The incident has also raised European awareness about the dangers of industrial processes and waste containment, especially since Europe has many ill-maintained, decades-old facilities that could potentially endanger large numbers of people. Each country is addressing problems in their areas. Bulgaria is developing a classification system to identify dangerous facilities as dictated by a 2006 European Union law. Serbia is receiving attention for its martially inspired environmental problems. According to a World Wildlife Fund report, “the country’s environmental risks derive partly from the Kosovo war in 1999, when NATO bombings of fertilizer and vinyl chloride manufacturing plants and an oil refinery caused the release of mercury, dioxins and other carcinogens into the water.” Hungary itself has inspected other waste containment sites in response to the sludge spill.
Like these countries, the European Union is concerned about the spread of the disaster and may have to provide financial assistance for the job to be done sufficiently. Hungary, however, has only asked for knowledge and expertise from other countries. Five European experts from France, Belgium, Sweden, Austria and Germany have formed a civil protection team for this purpose and will assess the environmental impact of the spill on agriculture, wildlife and water supplies. It will also anticipate risks, suggest solutions and help Hungary restore natural, agricultural and urban areas. The EU crisis response commissioner, Kristalina Georgieva praised this development. “The quick selection of this team…clearly shows that European solidarity is working.”
Response may be a European issue, but other countries may be able to help Hungary prevent reoccurrences in the distant future. Some suggest that companies like MAL Zrt switch to safer sludge-storage techniques such as the dry storage techniques used in the United States. In its dry form, alumina waste is easier to handle and is less toxic. The waste can be dried by extracting the caustic soda used to isolate the aluminum in the ore which will also reduce the alkalinity of the substance to below 13, the pH measured in the untreated Hungarian waste.
The high toxicity of the substance can also be reduced in its present form. A geologist from Indiana University Bloomington suggested mixing the red mud with oil-field brine, a by-product of oil and gas production, and then with carbon dioxide. The brine gives the carbon dioxide a medium to dissolve in so it can chemically react with water to form carbonic acid which will lower the substance’s pH, making it less harmful.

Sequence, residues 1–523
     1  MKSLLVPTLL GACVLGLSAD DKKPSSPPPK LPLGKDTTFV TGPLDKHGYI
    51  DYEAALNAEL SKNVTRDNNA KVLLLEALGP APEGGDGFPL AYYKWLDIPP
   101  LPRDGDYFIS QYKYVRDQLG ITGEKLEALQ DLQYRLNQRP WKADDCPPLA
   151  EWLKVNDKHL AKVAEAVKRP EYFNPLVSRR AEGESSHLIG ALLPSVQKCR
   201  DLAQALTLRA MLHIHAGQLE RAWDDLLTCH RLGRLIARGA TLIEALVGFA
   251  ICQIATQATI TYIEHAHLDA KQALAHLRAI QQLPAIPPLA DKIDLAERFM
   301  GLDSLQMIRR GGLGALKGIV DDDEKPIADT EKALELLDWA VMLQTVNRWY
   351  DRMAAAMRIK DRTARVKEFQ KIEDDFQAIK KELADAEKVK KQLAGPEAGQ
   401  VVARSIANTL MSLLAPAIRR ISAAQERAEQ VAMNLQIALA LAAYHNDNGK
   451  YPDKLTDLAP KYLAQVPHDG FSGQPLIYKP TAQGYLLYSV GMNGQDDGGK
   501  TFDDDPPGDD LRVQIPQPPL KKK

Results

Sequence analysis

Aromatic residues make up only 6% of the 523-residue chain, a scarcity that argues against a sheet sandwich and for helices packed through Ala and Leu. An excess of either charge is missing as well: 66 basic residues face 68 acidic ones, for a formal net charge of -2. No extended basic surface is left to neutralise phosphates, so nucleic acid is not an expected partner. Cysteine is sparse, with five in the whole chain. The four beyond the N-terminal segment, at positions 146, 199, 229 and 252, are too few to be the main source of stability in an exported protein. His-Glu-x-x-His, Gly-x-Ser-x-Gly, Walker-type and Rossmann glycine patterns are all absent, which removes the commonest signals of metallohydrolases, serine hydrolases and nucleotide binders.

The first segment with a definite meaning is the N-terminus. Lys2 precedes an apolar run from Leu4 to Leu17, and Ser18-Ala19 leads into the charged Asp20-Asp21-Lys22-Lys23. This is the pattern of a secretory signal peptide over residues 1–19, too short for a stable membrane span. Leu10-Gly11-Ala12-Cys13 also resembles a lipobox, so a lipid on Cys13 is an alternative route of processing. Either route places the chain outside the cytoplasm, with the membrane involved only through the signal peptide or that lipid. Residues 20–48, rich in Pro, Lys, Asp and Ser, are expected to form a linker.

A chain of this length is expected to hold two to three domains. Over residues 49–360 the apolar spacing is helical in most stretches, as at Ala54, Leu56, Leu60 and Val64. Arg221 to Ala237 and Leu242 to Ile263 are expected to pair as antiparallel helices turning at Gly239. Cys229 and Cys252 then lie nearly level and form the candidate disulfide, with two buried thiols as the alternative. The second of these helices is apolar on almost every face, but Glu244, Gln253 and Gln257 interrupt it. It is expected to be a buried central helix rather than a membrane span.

Other organizations that cannot offer waste-storage advice have been willing to instead assist Hungarian relief efforts through other means. For example, the U.S.-based Falken Industries has donated $125,000 worth of their 800 hand wipe product to relief and medical workers.
MAL Zrt has said that it is not planning to shy away from its responsibilities and has issued an apology to all of those affected. On Sunday, the company expressed its condolences to the families of the people who were killed. They also promised to pay compensation “in proportion to its responsibility” for the damage caused by the spill. MAL Zrt originally offered emergency compensation of $500 to each citizen rendered homeless or injured by the spill, but this figure was widely criticized. Orban plans to hold the company financially responsible and said, “Since this is not a natural catastrophe but the damage was brought about by people, the damages must be paid first and foremost not by taxpayers but by those who cause the damage.” The State Secretary estimated that the company has incurred at least $97.3 million in fines so far.
Determining the responsibility of various parties is still an objective, but not an immediate priority. If another spill is truly inevitable, MAL Zrt, the Hungarian government and the European Union will most likely have to work together to prevent as much damage as possible. An unprecedented, wide-spread catastrophe will hopefully yield an unprecedented, united response.